18. iranzi

    iranzi Member

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    Crystal Archive Type II and Type DPII are completely different papers.
    I just checked the data sheets for both of them and Type II is "designed for both analog and digital printers", whereas Type DP is "designed exclusively for digital output".
    Their spectral sensitivity curves are also very different.

    It's possible that Type DPII is not sold in the US at all, or has a different name.
    I know that DPII is being used for optical printing here in UK, but i'd love to find out how this paper responds.

    Many thanks for all the replies so far.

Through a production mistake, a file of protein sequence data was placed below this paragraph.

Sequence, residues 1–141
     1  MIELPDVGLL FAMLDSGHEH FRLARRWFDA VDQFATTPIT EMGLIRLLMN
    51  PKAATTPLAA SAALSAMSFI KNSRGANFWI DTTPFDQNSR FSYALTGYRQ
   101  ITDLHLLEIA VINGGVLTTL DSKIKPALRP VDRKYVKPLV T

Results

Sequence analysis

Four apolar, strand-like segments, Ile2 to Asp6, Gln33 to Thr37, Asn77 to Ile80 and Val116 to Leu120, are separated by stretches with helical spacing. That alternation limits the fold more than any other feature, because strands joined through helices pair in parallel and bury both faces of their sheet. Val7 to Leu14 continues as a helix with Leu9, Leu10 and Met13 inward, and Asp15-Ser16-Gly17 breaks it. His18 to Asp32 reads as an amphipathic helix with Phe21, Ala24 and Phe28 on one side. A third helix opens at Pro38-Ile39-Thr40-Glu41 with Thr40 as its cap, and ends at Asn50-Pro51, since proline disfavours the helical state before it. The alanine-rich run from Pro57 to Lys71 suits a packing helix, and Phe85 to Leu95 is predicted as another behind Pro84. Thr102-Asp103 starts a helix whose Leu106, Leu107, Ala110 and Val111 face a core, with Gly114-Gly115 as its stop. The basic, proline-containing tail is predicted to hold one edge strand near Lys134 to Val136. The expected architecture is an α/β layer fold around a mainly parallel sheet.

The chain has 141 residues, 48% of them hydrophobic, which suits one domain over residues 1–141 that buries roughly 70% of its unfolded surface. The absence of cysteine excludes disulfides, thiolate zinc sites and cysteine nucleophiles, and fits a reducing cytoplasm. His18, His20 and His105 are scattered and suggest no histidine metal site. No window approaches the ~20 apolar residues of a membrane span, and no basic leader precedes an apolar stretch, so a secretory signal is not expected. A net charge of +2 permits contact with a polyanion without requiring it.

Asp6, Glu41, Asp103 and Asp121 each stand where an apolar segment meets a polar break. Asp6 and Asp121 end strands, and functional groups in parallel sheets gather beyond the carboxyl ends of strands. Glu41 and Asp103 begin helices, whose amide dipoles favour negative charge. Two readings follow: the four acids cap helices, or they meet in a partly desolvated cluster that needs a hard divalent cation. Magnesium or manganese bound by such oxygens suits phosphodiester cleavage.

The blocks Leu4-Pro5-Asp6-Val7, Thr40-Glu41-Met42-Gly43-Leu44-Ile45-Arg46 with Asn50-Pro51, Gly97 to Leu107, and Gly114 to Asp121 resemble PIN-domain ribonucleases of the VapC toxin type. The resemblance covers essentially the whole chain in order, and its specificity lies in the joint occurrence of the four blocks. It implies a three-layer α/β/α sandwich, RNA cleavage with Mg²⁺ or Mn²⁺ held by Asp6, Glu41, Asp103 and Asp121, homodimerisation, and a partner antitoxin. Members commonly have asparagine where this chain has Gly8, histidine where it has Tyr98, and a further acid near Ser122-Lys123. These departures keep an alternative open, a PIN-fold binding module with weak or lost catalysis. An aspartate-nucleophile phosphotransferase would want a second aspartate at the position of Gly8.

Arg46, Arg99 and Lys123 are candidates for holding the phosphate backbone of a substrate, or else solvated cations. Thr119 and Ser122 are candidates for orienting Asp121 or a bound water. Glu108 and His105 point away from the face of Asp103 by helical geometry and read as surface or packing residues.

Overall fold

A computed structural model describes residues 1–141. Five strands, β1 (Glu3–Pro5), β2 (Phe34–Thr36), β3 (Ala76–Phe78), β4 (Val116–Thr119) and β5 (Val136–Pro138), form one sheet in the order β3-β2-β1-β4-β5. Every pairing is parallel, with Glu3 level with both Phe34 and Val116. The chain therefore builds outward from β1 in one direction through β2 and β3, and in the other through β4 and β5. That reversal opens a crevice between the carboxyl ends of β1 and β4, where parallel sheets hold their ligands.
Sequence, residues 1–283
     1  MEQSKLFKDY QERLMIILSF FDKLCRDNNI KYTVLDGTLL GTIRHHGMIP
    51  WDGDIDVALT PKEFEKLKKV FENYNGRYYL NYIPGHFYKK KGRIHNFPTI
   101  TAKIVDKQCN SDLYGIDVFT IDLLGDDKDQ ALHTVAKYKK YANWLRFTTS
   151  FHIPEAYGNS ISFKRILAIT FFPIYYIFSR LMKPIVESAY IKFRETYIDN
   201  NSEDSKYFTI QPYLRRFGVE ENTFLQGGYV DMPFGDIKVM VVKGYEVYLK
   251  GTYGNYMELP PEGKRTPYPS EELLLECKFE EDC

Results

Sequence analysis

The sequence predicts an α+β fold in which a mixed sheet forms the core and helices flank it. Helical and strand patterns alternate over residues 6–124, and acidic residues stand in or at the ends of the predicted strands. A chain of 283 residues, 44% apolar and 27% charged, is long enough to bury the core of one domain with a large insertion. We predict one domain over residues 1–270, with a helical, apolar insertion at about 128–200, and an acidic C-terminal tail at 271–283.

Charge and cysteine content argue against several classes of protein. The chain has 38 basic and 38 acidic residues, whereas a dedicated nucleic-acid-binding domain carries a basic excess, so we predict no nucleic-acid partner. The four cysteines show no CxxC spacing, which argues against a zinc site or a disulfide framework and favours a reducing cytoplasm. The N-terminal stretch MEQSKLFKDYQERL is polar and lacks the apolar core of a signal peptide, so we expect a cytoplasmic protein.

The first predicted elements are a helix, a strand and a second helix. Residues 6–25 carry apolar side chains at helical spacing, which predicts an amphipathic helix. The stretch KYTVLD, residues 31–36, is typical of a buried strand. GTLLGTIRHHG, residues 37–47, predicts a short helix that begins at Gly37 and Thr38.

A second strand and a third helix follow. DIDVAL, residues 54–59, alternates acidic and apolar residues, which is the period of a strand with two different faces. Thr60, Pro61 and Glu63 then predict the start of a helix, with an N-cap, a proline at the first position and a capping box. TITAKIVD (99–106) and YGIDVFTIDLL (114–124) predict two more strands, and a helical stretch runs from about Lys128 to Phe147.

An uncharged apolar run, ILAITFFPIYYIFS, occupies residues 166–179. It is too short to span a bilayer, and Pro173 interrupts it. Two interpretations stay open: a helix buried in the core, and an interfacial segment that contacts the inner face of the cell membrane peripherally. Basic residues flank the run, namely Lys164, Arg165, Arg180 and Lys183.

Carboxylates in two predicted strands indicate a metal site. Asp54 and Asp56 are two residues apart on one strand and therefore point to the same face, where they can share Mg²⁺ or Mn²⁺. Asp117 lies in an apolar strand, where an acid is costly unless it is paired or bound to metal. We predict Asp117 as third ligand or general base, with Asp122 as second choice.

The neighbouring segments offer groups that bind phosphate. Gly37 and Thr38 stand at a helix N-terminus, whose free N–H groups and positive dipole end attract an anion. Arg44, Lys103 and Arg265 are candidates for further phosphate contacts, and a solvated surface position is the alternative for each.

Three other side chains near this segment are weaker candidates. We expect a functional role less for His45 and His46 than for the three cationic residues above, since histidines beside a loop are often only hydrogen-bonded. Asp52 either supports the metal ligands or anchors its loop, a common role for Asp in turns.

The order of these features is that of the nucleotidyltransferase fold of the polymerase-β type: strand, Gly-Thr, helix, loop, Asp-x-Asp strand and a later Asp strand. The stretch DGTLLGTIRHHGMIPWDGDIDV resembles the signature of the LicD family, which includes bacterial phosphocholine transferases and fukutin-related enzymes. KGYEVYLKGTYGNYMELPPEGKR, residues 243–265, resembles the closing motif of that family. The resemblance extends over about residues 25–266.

I'm also very curious about the benefits of additive printing and enlargers (I'm using medium format negatives).
     
  19. DREW WILEY

    DREW WILEY Member

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    To continue ... as some of you might know, Beseler attempted to introduce a more powerful additive
    colorhead using multiple tungsten-halogen bulbs. There were several things good about the design and
    several things terribly wrong that gave it a bad rap. I don't know who the subcontractor was, but they
    didn't spell out our understand the implications of EMI (electro-magnetic interference) with multiple